The truth is no member of the National Rifle Association (NRA) has ever been involved in a mass shooting of students. The truth is that gun control has racist roots and the NRA has fought to give minorities and women the right to keep and bear arms. The truth is that the world’s greatest mass murders (genocides) began with gun control. The truth is that gun control is immoral.
What is the truth is that according to the most recent data from Federal Bureau of Investigations 75.8% of all aggravated assaults are committed using clubs, blunt instruments, fists, feet, hands and knives.
What is the truth is that Nikolas Cruz would never have passed a National Background check. The truth is that the Broward County School Board, Broward County Sheriff, the FBI and students at Marjory Douglass High School are all culpable and possibly responsible for what happened on February 14th, 2018.
The truth is that the one thing mass shooters have in common is that they come from a broken family.
Bullshitting the Bullshitter
David Hogg, Emma González and Alex Wind are all bullshitters, led by bullshitters trying to bullshit the people that gun control is the answer to stopping violence.
We don’t need to harden our public schools. We need to harden our families. We need to teach our children how to safely use a gun to protect themselves from violence. Gun ownership is a choice. One not choosing to own a firearm is their choice. Their choice cannot infringe on the rest of Americans right to keep and bear arms as clearly outlined in the Second Amendment of the U.S. Constitution.
Before being elected President, while serving in Congress, James Garfield stated at the 100th anniversary of the Declaration of Independence, July 4, 1876:
“Now more than ever before, the people are responsible for the character of their Congress. If that body be ignorant, reckless and corrupt, it is because the people tolerate ignorance, recklessness and corruption. If it be intelligent, brave and pure, it is because the people demand these high qualities to represent them in the national legislature … If the next centennial does not find us a great nation…it will be because those who represent the enterprise, the culture, and the morality of the nation do not aid in controlling the political forces.”
RELATED VIDEO: Calling Bullshit 1.1: Introduction to Bullshit.
The Pence family is an amazing portrait of wisdom and grace under unrelenting, ugly attacks by leftist activists.
Vice President Mike Pence has been assailed repeatedly for his traditional Christian faith, from believing in God’s involvement in people’s lives to not accepting homosexuality as an equivalent lifestyle worthy of extra protections that heterosexuals do not enjoy. He’s been attacked for the private wedding of his Marine son in October being held at a public park in Indiana and inconveniencing people. Even his high moral standard of not being alone with a woman to prevent temptation to sexual infidelity or even give the appearance of it was roundly mocked — until the #MeToo movement erupted. Then that mockery fell silent.
Through all this hideous behavior by leftists and Democrats, Pence and his family have remained cheerful, loving and wise. And it shows in their children.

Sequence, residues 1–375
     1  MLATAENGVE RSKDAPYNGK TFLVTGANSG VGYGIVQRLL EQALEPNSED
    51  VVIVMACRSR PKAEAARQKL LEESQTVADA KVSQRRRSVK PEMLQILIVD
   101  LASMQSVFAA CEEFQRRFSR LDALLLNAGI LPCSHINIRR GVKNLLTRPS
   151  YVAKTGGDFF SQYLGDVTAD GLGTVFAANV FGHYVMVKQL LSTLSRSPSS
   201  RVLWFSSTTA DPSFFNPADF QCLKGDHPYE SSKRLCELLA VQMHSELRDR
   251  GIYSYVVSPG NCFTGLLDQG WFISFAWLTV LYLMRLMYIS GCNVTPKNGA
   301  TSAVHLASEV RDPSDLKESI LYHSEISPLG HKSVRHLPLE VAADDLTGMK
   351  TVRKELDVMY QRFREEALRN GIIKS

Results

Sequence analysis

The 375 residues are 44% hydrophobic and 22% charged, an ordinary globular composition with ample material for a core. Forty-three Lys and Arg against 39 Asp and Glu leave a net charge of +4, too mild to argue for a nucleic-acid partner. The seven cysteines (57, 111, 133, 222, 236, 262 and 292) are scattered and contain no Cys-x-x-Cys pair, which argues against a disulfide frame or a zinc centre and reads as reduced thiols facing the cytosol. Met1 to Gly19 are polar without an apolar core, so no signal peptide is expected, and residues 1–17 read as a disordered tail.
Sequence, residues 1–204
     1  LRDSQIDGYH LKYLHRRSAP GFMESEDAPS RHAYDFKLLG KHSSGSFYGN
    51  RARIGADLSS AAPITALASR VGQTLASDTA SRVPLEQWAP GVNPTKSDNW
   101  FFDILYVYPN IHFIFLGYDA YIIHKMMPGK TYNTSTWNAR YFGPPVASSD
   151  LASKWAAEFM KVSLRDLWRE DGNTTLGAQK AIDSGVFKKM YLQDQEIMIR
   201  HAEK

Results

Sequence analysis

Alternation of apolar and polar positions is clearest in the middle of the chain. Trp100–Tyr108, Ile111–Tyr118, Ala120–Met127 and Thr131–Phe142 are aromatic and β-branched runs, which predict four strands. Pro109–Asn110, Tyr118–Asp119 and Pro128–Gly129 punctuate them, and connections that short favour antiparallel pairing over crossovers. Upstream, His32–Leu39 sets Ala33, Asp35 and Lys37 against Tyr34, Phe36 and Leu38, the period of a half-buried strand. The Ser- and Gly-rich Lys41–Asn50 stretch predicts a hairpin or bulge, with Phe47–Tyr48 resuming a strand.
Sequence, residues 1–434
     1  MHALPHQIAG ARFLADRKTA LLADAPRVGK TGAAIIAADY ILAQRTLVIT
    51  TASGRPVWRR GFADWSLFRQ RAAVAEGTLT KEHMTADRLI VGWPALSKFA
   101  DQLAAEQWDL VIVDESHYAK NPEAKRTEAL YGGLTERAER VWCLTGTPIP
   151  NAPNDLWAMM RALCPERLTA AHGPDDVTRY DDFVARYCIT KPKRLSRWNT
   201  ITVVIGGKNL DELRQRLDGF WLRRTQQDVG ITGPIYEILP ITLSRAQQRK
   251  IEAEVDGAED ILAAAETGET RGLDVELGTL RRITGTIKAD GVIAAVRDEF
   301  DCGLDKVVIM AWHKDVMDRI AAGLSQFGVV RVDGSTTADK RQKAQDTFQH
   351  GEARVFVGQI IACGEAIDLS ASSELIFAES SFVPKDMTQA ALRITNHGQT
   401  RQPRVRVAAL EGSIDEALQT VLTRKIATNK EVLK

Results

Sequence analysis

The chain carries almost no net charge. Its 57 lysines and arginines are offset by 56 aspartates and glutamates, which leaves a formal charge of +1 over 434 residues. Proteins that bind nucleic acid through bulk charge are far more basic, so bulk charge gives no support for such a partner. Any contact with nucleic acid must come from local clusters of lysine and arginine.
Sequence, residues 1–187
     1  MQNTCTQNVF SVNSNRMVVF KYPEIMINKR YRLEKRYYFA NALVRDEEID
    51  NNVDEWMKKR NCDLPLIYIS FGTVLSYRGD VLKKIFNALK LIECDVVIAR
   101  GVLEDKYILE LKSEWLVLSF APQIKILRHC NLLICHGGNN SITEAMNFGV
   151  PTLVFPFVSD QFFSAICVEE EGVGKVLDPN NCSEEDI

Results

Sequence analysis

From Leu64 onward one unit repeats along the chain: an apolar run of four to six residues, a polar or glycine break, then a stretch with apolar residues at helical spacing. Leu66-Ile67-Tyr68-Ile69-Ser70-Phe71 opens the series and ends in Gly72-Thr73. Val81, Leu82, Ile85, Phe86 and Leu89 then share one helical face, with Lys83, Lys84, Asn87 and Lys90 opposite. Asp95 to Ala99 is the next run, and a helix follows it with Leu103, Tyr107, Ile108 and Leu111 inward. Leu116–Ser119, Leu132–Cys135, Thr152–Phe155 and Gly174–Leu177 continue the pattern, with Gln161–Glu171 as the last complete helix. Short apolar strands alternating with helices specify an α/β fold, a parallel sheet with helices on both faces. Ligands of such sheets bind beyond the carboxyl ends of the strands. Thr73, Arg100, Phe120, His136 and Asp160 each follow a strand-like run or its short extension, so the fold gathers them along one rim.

Because now comes Charlotte Pence, his daughter, who is proving to be a chip off the ol’ block.
Charlotte wrote a non-political children’s story about the family bunny titled “Marlon Bundo’s A Day in the Life of the Vice President.” She is donating the proceeds to charities fighting human trafficking and supporting art therapy. It’s just a fun children’s story and was illustrated by her mother, Karen Pence, who it turns out is quite a gifted artist.
But Pence disdain on the left, driven by the gay militant machine that brooks no opposition, could not allow his daughter to just write a lovely, non-political children’s book.
John Oliver, one of several late-night-style talkers who have transformed their platforms into Democrat attack dog kennels, is mocking Charlotte’s book and vilifying her father personally at the same time. So, you know, all class.
Oliver released a copycat book called A Day in the Life of Marlon Bundo that makes a pair of rabbits gay as the main characters and, naturally, rants against Pence hating gay people (he doesn’t, by the way). Mocking, virtue signalling, ranting, attacking. The left just doesn’t have much else right now. Even this book. It is ironic, in that rabbits are best known for their reproductive acumen and two males ain’t reproducing anything — except snarkiness.
Oliver’s fans thought he had gone too far however and…haha, I’m joking! No, they went even further. Just applauding the snarker for attacking a politician’s child’s innocent children’s book was not enough. Nor could they just buy his book. No, his fans followed in troll fashion and spammed Charlotte’s Amazon page with one-star reviews. Because, well, that’s the sort of thing that rotten people do.
Fortunately, Charlotte is long acquainted with the hate emanating from the left for people who disagree with them. It is brutal, personal and ugly. (I know this personally.) She handled it all with the kind of grace the troll leaders like Oliver and his minions truly cannot imagine.
She thought his book was great and she lauded him for sending the money to charities, just as she is doing. “I’m fine with it!”
She comes by this affable, generous attitude because of how she was raised.
Charlotte once relayed her dad’s advice to her when protesters (it’s just what liberals do) would be outside their residence chanting things about her dad she knew to be untrue.
Mike Pence simply and beautifully told his daughter: “Charlotte, that’s what freedom looks like.”
As ugly and hurtful as the protest lies were, she realized that protests being allowed against a powerful man meant we still have a great and free country, filled with individual liberties.
The Pences are quite a compare and contrast moment with what else is going on.